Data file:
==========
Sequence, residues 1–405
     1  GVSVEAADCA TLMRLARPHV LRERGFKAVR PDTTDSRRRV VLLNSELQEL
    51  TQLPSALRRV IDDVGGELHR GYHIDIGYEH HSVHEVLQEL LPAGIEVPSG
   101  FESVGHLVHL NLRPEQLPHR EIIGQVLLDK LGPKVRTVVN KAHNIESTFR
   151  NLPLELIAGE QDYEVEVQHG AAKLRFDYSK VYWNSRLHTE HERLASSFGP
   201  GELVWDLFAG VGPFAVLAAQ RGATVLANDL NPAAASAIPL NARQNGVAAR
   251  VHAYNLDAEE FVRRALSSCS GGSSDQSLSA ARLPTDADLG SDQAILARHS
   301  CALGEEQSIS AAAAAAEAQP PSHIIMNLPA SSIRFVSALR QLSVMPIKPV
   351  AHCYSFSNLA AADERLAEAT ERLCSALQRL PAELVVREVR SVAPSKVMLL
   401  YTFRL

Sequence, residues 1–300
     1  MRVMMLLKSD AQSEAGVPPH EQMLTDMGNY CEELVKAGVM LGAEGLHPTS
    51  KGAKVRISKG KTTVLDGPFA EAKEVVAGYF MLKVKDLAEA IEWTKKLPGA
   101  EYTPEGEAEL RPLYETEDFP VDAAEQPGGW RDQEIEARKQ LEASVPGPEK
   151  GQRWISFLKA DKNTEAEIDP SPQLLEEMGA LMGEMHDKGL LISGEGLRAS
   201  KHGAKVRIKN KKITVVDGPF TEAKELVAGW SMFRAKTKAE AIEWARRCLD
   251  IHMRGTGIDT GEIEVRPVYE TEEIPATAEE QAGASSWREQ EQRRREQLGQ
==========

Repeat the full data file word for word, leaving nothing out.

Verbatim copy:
Sequence, residues 1–405
     1  GVSVEAADCA TLMRLARPHV LRERGFKAVR PDTTDSRRRV VLLNSELQEL
    51  TQLPSALRRV IDDVGGELHR GYHIDIGYEH HSVHEVLQEL LPAGIEVPSG
   101  FESVGHLVHL NLRPEQLPHR EIIGQVLLDK LGPKVRTVVN KAHNIESTFR
   151  NLPLELIAGE QDYEVEVQHG AAKLRFDYSK VYWNSRLHTE HERLASSFGP
   201  GELVWDLFAG VGPFAVLAAQ RGATVLANDL NPAAASAIPL NARQNGVAAR
   251  VHAYNLDAEE FVRRALSSCS GGSSDQSLSA ARLPTDADLG SDQAILARHS
   301  CALGEEQSIS AAAAAAEAQP PSHIIMNLPA SSIRFVSALR QLSVMPIKPV
   351  AHCYSFSNLA AADERLAEAT ERLCSALQRL PAELVVREVR SVAPSKVMLL
   401  YTFRL

Sequence, residues 1–300
     1  MRVMMLLKSD AQSEAGVPPH EQMLTDMGNY CEELVKAGVM LGAEGLHPTS
    51  KGAKVRISKG KTTVLDGPFA EAKEVVAGYF MLKVKDLAEA IEWTKKLPGA
   101  EYTPEGEAEL RPLYETEDFP VDAAEQPGGW RDQEIEARKQ LEASVPGPEK
   151  GQRWISFLKA DKNTEAEIDP SPQLLEEMGA LMGEMHDKGL LISGEGLRAS
   201  KHGAKVRIKN KKITVVDGPF TEAKELVAGW SMFRAKTKAE AIEWARRCLD
   251  IHMRGTGIDT GEIEVRPVYE TEEIPATAEE QAGASSWREQ EQRRREQLGQ